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      henrybowman in reply to guyjones. | March 17, 2023 at 2:07 pm

      A interesting argument against EV conservation I saw raised on a car website is that for weight reasons alone, IC cars get more efficient as you consume gas out of the tank, while EVs get less efficient as their batteries deplete.


       
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      nordic prince in reply to guyjones. | March 17, 2023 at 6:28 pm

      When I drove a taxi people would ask me my opinion about electric cars. EVs are simply too inconvenient with the down time needed to charge the things, and for a driver time is money. An ICE car is much quicker to refuel, has a much greater and more stable range, and is cheaper to buy. I’m thinking the operating costs are going to be cheaper as well.

      Simply not practical.


 
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murkyv | March 17, 2023 at 10:18 am

Destroying the earth to “save the planet”

Stupid is unbounded.

Maryland might save a lot of workdays for health reasons, but lose them in the winter when the EVs won’t charge enough to go anywhere.l


 
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George S | March 17, 2023 at 11:25 am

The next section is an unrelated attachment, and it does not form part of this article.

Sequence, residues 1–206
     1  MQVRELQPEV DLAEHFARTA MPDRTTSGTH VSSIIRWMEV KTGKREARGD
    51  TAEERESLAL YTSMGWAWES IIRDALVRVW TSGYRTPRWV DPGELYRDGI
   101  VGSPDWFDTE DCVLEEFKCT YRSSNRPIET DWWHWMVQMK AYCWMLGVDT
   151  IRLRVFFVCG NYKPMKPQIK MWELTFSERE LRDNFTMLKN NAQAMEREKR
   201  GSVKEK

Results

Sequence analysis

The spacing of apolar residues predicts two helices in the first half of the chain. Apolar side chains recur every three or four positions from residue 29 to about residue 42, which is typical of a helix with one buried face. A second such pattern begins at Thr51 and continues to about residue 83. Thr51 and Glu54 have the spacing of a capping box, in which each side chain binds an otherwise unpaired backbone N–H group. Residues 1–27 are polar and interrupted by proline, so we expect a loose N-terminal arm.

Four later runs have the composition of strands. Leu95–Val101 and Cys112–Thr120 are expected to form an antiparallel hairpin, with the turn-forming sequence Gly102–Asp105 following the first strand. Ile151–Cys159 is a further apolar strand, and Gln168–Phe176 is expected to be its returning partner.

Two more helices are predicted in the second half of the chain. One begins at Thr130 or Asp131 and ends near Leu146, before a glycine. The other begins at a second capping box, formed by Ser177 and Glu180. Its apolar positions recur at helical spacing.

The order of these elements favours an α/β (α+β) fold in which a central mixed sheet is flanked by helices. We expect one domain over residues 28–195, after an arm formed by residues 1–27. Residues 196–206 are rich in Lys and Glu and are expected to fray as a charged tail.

If the government wanted to immobilize you they would have to send out at least a quarter of a million agents to cover all the gas stations in the U.S with two agents to close them down.

Or, they can simply flip a switch at each of the three electrical power grids.

Something tells me it’s not science and economics…


 
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healthguyfsu | March 17, 2023 at 11:57 am

This is really dumb for Maryland. They are a small state and residents can easily go to bordering states for car purchases.

All they are losing is in-state commerce and revenue.


     
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    healthguyfsu in reply to healthguyfsu. | March 17, 2023 at 11:58 am

    If I’ve got some capital, I am setting up car dealerships in border towns of those neighbor states.


     
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    George S in reply to healthguyfsu. | March 17, 2023 at 12:55 pm